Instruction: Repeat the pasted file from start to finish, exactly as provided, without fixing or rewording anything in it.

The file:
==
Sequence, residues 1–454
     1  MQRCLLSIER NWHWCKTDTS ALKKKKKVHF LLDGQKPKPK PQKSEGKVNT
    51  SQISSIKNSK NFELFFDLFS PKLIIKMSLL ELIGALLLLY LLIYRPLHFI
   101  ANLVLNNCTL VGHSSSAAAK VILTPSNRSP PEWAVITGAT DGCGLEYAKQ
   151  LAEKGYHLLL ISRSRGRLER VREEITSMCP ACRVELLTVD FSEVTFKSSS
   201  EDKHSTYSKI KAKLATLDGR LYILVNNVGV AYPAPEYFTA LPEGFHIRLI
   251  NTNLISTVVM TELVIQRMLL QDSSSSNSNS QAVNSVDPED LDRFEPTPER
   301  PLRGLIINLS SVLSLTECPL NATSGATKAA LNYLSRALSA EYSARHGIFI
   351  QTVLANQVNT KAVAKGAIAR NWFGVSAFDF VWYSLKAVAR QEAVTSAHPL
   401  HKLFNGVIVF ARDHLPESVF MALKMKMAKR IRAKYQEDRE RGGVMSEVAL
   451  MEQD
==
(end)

Sequence, residues 1–454
     1  MQRCLLSIER NWHWCKTDTS ALKKKKKVHF LLDGQKPKPK PQKSEGKVNT
    51  SQISSIKNSK NFELFFDLFS PKLIIKMSLL ELIGALLLLY LLIYRPLHFI
   101  ANLVLNNCTL VGHSSSAAAK VILTPSNRSP PEWAVITGAT DGCGLEYAKQ
   151  LAEKGYHLLL ISRSRGRLER VREEITSMCP ACRVELLTVD FSEVTFKSSS
   201  EDKHSTYSKI KAKLATLDGR LYILVNNVGV AYPAPEYFTA LPEGFHIRLI
   251  NTNLISTVVM TELVIQRMLL QDSSSSNSNS QAVNSVDPED LDRFEPTPER
   301  PLRGLIINLS SVLSLTECPL NATSGATKAA LNYLSRALSA EYSARHGIFI
   351  QTVLANQVNT KAVAKGAIAR NWFGVSAFDF VWYSLKAVAR QEAVTSAHPL
   401  HKLFNGVIVF ARDHLPESVF MALKMKMAKR IRAKYQEDRE RGGVMSEVAL
   451  MEQD